Many people will wish to make a Will to ensure that their estate is disposed of in accordance with their wishes on their death. Where someone owns real property (houses, buildings and land) in Guernsey, it is advisable for them to make a Will in order to name specifically the people they want it to pass to on their death.
If this is not done, the formalities for ensuring that the property is properly vested in the heirs can be quite complex.
Where someone dies owning assets in Guernsey, it may be necessary for probate (which is also sometimes called “letters of administration”) to be obtained in relation to their estate to enable the estate to be properly wound up. This is an official document which enables the person named in it (the “executor” or “administrator”) to prove to third parties (banks, insurance companies etc.) that that person is duly authorised to collect together the assets of the deceased. Without seeing this official document, the deceased’s bank will not pay out any balance standing to the credit of the deceased’s banks account, although most banks will pay out without sight of probate where the amount involved is relatively small.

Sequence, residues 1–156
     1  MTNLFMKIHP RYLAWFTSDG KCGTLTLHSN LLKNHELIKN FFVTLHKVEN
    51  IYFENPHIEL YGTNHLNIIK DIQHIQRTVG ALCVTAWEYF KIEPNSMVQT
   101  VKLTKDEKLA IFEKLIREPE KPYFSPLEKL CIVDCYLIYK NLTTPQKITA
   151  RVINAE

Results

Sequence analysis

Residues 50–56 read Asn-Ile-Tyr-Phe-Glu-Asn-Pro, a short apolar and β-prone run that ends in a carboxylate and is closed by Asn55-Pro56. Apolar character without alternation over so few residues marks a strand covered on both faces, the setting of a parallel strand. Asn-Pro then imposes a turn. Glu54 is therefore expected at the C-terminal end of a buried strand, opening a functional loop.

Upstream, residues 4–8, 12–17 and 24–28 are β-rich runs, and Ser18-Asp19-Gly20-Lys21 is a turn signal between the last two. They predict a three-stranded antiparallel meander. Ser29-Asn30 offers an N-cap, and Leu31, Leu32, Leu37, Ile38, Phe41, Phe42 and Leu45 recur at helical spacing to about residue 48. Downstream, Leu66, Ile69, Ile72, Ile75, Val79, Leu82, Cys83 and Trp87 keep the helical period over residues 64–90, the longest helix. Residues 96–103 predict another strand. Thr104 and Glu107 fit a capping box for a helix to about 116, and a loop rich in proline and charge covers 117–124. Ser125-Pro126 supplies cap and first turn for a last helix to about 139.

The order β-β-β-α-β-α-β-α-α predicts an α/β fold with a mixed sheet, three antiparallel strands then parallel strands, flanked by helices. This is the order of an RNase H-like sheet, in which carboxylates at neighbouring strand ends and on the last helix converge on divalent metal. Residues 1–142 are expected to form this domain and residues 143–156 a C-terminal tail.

In Guernsey, probate is granted by the Ecclesiastical Court.
An Advocate can assist with the process of obtaining probate and, if required, with the winding up of the estate. It is worth noting that:
- It is not obligatory to employ an Advocate, either to obtain probate or to wind up the estate, and it may not be necessary to do so where the winding up is a simple matter. Applications for probate can be made directly to the Registrar of the Ecclesiastical Court: Nick Ozanne, The Constables Office, Lefebvre Street, St Peter Port GY1 2JR | 01481 721732
- It is not necessary to obtain probate in relation to real property in Guernsey as, in most cases, it will pass to the heirs automatically. However, where the deceased has left a Will which deals with real property in Guernsey, it will need to be registered at the Greffe, and the services of an Advocate are required for this. In addition, if the deceased died without leaving a Will, it may be difficult to prove to a potential buyer of the deceased’s property who the heirs are unless an application for an “administration order” is made to the Royal Court, which can be a fairly complex process. The services of an Advocate are required in order to make this type of application.